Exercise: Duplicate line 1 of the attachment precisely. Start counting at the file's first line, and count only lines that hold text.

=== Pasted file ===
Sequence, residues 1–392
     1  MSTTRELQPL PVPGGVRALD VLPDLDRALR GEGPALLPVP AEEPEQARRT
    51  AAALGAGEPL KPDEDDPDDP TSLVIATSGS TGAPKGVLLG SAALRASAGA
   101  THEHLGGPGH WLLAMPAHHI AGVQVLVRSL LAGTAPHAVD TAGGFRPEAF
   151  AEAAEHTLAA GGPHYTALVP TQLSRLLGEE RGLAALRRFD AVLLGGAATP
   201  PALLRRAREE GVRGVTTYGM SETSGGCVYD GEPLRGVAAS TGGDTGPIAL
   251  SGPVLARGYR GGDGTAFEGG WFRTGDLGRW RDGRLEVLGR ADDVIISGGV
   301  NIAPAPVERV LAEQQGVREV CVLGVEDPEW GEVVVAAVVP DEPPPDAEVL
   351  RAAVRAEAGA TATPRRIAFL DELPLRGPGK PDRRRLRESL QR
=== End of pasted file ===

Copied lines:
Sequence, residues 1–392